Diabetes was present in 200 patients (49.8%). Among these, the 28 th day follow-up was possible in 173 patients: 76 patients had MRS scores of 0-2 (mildly disabled), 37 patients had scores of 3-4 (moderate disability), and 27 had score of 5 (severe disability); 33 patients died. The chi-square value was 7.87 (with three degrees of freedom) and this was seen to be statistically significant ( P = 0.049).


IHD was present in 136 patients (33.8%). These cases were diagnosed by electrocardiogram and echo findings and the diagnoses were confirmed by a cardiologist. Twenty-eighth day follow-up was possible in 126 patients. Fifty-three patients had MRS scores of 0-2 (mild disability), 27 had scores of 3-4 (moderate disability), and 23 patients had a score of 5 (severe morbidity); 23 patients died. The chi-square value of 6.37 was not significant ( P = 0.1) .


The individual components of the lipid profile (such as total cholesterol, HDL, LDL, VLDL, and TGL) were evaluated. Total cholesterol was evaluated in 271 patients, of whom 176 had hypercholesterolemia and 95 had normal cholesterol values. Ninety-six patients had MRS scores of <3, MRS of 3-4 , and 24 had a score of 5; 12 had a score of 6. These findings, when compared to that in patients who had normal cholesterol levels, were not statistically significant ( P = 0.21).

The relationship between LDL levels and stroke outcome was evaluated in 242 patients. MRS scores were as follows: 137 had scores of <3, 49 had scores of 3-4, 27 had a score of 5, and 29 had a score of 6. The P -value is 0.43, which is not significant.

The effect of triglyceride level on stroke outcome was analyzed in 163 patients. Eighty-seven had MRS scores of <3, 33 had scores of 3-4, and 21 had a score of 5; 22 had a score of 6. The P -value is 0.26, which is not significant.

The effect of VLDL level on stroke outcome was analyzed in 127 patients. Seventy-one had MRS scores of <3, 23 had scores of 3-4, 19 had scores of 5, and 14 had a score of 6. The P -value is 0.42, which is not statistically significant.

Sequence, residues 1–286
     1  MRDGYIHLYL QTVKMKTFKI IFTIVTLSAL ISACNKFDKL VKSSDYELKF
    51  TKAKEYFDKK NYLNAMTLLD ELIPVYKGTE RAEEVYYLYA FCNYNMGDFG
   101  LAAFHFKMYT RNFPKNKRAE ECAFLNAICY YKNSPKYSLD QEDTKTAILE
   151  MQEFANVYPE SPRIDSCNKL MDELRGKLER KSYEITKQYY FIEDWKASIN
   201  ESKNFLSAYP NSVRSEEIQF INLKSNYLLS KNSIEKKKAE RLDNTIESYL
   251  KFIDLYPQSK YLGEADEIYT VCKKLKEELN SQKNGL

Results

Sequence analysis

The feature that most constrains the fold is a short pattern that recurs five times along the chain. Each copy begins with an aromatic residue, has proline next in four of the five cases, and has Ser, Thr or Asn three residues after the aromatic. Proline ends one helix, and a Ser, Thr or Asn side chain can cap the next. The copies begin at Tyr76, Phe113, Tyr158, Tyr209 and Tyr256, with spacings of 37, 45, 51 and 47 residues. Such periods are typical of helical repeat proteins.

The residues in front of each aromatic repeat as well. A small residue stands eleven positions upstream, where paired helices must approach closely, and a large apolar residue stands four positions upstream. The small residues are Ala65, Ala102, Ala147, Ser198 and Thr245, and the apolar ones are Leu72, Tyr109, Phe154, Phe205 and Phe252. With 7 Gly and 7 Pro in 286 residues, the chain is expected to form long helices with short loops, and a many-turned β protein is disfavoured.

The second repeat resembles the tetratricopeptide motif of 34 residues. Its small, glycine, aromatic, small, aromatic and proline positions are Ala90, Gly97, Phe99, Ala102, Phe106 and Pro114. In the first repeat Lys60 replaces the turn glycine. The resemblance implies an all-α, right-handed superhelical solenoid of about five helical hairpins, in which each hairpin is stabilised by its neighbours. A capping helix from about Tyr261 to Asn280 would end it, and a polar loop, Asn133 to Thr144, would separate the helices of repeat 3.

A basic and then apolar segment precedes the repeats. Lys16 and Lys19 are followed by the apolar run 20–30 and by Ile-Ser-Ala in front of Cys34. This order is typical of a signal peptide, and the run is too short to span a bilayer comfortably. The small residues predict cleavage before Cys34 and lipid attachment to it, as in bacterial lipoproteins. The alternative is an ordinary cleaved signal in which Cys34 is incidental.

Around 100 patients were omitted from lipid profile evaluation either due to financial constraints or because of the severity of the stroke.


Tobacco use was prevalent in 23.6% of the patients; all three modes were seen, i.e., smoking cigarettes or beedis, chewing tobacco with betel leaves, or using snuff. Anemia was present in 10% of the patients. Forty-eight patients had a MRS score of <3, 16 had a score of 3-4, and 8 had a score of 5; 8 had a score of 6. The P -value is 0.42, which is statistically not significant.

On evaluating the effect of a combination of risk factors, i.e., diabetes and hypertension, the number of patients with 5 and 6 on the MRS showed severe morbidity and mortality than those with minimal disability <3.

There were only 8 stroke patients with IHD alone as the risk factor and 15 patients with diabetes plus IHD (out of 354) as the risk factors. This figure is too small to be statistically significant. However, though there is an association of diabetes and IHD in the multifactorial etiology of stroke, these risk factors, independently, do not add any additional risk to the stroke outcome.

When three or more risk factors are present, the mortality (MRS = 6) rises to one-fifth [Table - 3].

No known risk factor

There were no identifiable risk factors in 55 of our patients. Of these patients, 32 had a favorable outcome and 8 patients died.